Art and history in Vienna, Austria: The scandalous secrets of Vienna

High art and imperial history make Vienna a capital of culture, but that doesn't make visiting a chore.

It's only mid-morning in Vienna, and Uniworld has organised alcohol, several naked ladies and a tour guide with an unholy interest in the sexual peccadillos of the Hapsburg emperors.

The alcohol is a bellini, proffered beneath the gilt and statues of the Kunsthistorisches Museum. I'm not sure why the ladies are naked. They're combing their hair, lying in fields or chatting to fully-dressed male friends, seemingly unaware their clothes have fallen off. They're pleasingly plump, dimpled and dishevelled. The Hapsburgs – many no lightweights themselves – clearly liked hefty buttocks and blancmange-like bosoms when it came to collecting art.

Art and history are usually approached with reverence in Vienna, but historian Regina isn't your ordinary shore-excursion guide. "The Austrians always complain about the present until it becomes the past, and then they glorify it," she sniffs.

"But I tell you, the past was just as bad as now."

 Regina is informative about the museum's paintings and why they're important, but leavens her talk with Benny Hill winks about ravished nymphs and shepherd boys playing their flutes.

She makes it clear the Hapsburgs were mad as hatters, like 17th-century emperor Ferdinand II, who locked prostitutes in cages; or transvestite archduke Ludwig Viktor, banished for brawling in a Vienna bathhouse.

''His friends called him Lutzi Wutzi and he held gay soirees at his palace just along the Ringstrasse. But what's so bad about that? I'm afraid the rest of our imperial family all intermarried too much. The first wife of Leopold I was both his cousin and his niece. It makes my head ache!''

We're having a hoot along with our art and history at this stop in Vienna, part of a Danube River cruise. As we hurry past the Hofburg palace, Regina points out the equestrian statue of Austria's great military hero Prince Eugene of Savoy, who in his youth dressed up as Madame Simone for nights on the town. And isn't our ship named after empress Maria Theresa? Oh dear, her son Joseph II was notoriously stingy. He introduced compulsory recyclable ''economy coffins'' with a flap in the underside through which corpses simply fell into the grave.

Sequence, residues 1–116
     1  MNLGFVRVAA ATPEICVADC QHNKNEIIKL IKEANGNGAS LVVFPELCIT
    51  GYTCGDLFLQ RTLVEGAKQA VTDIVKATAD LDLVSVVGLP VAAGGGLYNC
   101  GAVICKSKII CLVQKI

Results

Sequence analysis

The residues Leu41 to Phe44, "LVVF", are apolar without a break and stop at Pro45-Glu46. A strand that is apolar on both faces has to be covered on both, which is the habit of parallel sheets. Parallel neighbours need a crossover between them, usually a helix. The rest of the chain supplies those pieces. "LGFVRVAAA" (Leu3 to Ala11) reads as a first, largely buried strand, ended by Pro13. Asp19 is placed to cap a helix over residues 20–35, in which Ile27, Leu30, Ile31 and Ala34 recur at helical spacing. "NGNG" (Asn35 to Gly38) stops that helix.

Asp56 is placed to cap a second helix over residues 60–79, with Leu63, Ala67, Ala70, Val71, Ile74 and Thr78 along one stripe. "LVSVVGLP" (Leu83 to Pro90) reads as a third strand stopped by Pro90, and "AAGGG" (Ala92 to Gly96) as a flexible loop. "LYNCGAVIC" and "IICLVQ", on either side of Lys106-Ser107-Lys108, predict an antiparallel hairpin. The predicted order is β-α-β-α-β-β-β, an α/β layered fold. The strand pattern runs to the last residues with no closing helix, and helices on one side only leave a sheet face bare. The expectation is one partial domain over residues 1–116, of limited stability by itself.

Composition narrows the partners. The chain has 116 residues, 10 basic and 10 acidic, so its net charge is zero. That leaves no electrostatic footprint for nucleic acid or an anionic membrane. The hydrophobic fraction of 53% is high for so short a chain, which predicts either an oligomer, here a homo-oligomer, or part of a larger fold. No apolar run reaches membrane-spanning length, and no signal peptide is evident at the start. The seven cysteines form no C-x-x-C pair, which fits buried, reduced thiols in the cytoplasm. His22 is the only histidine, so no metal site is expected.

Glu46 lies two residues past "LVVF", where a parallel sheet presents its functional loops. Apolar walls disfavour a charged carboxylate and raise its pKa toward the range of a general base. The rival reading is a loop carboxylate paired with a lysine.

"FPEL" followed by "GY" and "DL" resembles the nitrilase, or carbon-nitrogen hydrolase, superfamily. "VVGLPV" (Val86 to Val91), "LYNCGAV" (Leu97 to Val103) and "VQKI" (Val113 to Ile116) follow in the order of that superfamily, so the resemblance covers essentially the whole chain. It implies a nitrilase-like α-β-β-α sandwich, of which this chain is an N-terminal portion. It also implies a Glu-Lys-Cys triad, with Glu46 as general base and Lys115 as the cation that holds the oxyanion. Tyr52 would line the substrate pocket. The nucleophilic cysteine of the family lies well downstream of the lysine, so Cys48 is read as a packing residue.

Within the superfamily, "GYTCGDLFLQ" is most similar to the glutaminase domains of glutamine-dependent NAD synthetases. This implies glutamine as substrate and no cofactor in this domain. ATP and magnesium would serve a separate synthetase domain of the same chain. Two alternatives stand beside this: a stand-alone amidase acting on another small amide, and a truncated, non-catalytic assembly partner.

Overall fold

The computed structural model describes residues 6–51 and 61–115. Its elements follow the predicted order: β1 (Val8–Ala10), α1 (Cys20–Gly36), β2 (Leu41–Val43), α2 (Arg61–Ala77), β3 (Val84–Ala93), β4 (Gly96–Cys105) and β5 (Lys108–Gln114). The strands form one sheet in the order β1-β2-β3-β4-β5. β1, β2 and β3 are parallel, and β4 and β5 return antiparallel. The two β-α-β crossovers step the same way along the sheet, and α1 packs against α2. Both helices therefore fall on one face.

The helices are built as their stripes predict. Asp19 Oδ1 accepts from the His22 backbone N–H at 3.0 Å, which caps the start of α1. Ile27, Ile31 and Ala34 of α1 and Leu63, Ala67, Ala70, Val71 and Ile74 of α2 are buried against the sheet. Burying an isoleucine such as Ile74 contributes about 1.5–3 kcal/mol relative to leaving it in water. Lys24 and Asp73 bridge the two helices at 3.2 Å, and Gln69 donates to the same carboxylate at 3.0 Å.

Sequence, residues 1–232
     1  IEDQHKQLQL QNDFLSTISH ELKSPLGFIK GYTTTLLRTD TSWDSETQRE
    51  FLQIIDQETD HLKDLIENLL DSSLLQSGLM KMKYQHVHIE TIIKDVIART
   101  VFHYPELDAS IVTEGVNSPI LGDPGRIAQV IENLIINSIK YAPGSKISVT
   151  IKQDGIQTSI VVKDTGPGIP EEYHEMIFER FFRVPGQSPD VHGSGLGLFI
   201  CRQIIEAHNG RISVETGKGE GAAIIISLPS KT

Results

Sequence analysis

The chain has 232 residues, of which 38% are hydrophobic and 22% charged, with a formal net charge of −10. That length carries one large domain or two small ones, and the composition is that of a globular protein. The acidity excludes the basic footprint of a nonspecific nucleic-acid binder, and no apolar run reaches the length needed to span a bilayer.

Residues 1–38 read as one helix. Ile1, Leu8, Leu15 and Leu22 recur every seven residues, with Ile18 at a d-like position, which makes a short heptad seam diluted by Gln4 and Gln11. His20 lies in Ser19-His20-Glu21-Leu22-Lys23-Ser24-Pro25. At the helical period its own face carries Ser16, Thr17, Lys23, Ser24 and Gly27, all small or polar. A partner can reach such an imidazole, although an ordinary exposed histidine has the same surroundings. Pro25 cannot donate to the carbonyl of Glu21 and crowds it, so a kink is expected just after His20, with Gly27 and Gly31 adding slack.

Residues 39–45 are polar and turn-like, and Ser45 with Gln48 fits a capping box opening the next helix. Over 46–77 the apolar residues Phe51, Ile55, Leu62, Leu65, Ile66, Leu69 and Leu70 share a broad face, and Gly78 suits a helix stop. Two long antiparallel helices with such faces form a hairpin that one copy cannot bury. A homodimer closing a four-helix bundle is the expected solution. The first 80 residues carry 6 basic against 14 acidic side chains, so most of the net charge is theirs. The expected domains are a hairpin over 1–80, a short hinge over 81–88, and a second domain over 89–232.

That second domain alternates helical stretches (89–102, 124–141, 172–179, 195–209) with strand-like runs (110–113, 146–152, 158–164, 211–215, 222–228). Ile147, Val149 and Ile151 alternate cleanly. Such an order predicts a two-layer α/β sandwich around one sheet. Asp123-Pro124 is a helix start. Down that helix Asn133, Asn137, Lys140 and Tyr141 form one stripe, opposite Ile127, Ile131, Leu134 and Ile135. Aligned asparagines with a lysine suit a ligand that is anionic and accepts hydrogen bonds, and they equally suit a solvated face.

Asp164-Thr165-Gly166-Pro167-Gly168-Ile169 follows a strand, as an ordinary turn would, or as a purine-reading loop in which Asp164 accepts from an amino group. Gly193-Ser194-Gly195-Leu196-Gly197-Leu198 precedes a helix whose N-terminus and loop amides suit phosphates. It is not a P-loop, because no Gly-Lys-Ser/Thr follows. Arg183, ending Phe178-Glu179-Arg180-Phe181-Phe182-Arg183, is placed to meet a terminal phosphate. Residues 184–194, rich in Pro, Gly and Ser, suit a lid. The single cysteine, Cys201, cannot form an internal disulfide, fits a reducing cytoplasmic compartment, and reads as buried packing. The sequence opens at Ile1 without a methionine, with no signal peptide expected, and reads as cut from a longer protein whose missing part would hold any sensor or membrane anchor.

''Unlike many Hapsburgs, he loved his wife, but Isabel of Parma fancied his sister Maria Christina. When she died, Maria Theresa persuaded Joseph to marry again, but the second wife had rotten teeth and pimples. It wasn't a success. Poor man!''

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Our Uniworld tour lurches onwards past the stables of the Spanish Riding School, where Lipizzaner stallions snort from stalls. The horses perform under the baroque ceilings of the Hofburg in a last salute to imperial pageantry. Then we veer down Braunerstrasse, lined by fine neoclassical mansions. It has interesting shops that include Steiff toymakers – considered the inventor of the teddy bear in 1903 – and seventh-generation shoemaker Rudolf Scheer & Sohne. It's one of several Vienna companies that still displays honorary title ''k.u.k. Hoflieferant'', official purveyor to the imperial court. At street's end, gentleman outfitter Knize, which once catered to archdukes, has a lovely interior designed by leading modernist architect Adolf Loos.

The sweet thing about Vienna is that it wears its credentials like a comfortable old coat. Vienna has moved from being a once-grand imperial city to the capital of a small, quiet country, and so you can stand here in the midst of high history and eat simple sausage from street kiosk Zum Goldenen Wurstel. Regina soon has us comparing Kasekrainer – lightly smoked and oozing cheese – with bratwurst and Grillwirst Scharf, which has a chilli kick.

As we plunge our sausages into mustard we have a view into the Graben, Vienna old town's main shopping street. Regina points out a bust of Leopold I wedged into the base of the knobbly plague column that rises at its centre. The emperor, she points out, had the worst of the Hapsburg's infamous lantern jaws.

''He was nicknamed Leopold the Hogmouth and, poor man, had the hooked nose and big lower lip of the family too,'' says Regina. ''He was grotesque, really. No wonder he was shy and dithering, and far too keen on the Virgin Mary.''

And with this thought off we go, down the Graben towards St Stephen's Cathedral and the end of our tour. Which, as the best tours should, will forever make me see this city with new eyes, and a healthy dose of irreverence.

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CRUISE

Uniworld's 10-day Enchanting Danube and Munich (between March and November 2018) and Enchanting Danube and Prague (May and November 2018) incorporate city hotel stays followed by a river cruise between Passau and Budapest. From $5599 for an all-inclusive fare. Phone 1300 780 231, see uniworld.com/au

Brian Johnston travelled as a guest of Uniworld.

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